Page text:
Wed, Apr 28, 2010 - Page 2 News List

Groups call for caution on health plan

By Shelley Huang  /  STAFF REPORTER

Civic groups yesterday urged lawmakers to carefully inspect every article of the proposed second-generation health plan, rather than hold discussions on it behind closed doors during cross-party negotiations.

The National Health Insurance Civic Surveillance Alliance and several other NGOs held a joint press conference yesterday protesting the Executive Yuan's urgency in getting its version of the amendments to the National Health Insurance Act (全民健康保險法) passed by the legislature. The groups said many parts of the act require discussion and the entire process should be transparent.

Amendments are scheduled to be discussed at the legislature's Social Welfare and Environmental Hygiene Committee meeting tomorrow but the alliance said it has received word that the Executive Yuan hopes to “breeze through” the first reading at the committee meeting while conducting the main discussions during cross-party negotiations, which are not open to the public.

“We are worried that [discussion of] the National Health Insurance Act will be rushed through committee examination,” said Son Yu-lian (孫友聯), convener of the alliance.

“Cross-party negotiations have always been criticized by civic groups as secretive operations that are not publicized nor transparent,” he said.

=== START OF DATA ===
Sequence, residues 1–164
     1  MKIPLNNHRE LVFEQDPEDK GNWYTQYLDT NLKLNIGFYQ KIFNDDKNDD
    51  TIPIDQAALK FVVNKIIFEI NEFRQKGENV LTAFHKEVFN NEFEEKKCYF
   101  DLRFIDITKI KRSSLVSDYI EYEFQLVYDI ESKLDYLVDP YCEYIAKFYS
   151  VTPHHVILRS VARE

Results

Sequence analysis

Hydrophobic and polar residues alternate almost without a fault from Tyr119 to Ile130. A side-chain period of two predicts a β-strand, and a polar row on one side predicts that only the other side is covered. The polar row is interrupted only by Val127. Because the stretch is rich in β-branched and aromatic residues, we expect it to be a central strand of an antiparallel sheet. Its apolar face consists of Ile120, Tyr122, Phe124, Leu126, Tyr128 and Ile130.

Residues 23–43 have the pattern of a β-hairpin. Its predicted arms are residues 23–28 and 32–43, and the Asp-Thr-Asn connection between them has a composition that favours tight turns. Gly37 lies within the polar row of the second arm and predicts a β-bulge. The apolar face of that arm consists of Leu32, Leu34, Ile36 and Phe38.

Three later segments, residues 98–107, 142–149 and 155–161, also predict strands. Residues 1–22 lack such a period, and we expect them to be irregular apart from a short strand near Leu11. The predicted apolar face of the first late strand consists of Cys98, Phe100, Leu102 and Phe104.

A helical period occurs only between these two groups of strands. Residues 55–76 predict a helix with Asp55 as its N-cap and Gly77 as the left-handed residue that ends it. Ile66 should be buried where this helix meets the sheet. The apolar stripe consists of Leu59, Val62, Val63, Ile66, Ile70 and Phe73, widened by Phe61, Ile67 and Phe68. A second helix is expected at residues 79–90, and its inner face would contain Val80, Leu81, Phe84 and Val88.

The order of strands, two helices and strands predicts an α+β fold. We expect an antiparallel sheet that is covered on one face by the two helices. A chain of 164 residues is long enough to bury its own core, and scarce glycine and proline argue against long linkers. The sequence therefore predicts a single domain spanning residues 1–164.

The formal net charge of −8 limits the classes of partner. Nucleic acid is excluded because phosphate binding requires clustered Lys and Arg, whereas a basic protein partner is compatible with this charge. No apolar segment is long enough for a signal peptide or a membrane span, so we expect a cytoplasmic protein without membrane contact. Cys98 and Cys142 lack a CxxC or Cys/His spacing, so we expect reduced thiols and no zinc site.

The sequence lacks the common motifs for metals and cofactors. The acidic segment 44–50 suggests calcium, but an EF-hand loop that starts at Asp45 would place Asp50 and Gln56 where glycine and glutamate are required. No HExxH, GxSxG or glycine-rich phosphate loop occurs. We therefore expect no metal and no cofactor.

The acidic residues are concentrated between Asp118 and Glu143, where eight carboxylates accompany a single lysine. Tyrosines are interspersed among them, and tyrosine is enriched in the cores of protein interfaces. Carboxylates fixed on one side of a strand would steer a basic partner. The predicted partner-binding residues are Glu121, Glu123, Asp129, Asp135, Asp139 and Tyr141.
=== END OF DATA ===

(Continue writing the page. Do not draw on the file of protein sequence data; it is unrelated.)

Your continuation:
“The legislature's Social Welfare and Environmental Hygiene Committee should carefully inspect every article [of the proposed amendment]. In the event that there are disagreements, there should be public hearings to invite input from civic groups,” Son said.

The groups said that issues such as the process of drug price reporting, methods of calculating household income to determine premium rates, publicizing medical institutions’ financial reports and insurance compensation coverage are all worthy of careful and thorough discussion.

“We understand that lawmakers want a speedy passage [of the Act] so that it will not affect results of the upcoming elections,” said Tsai Wan-fen (蔡宛芬), secretary general of Taiwan Women's Link.

“However, the Act may be around for five to 10 years. Will we really be content with it if we hurry its passage?” she said.

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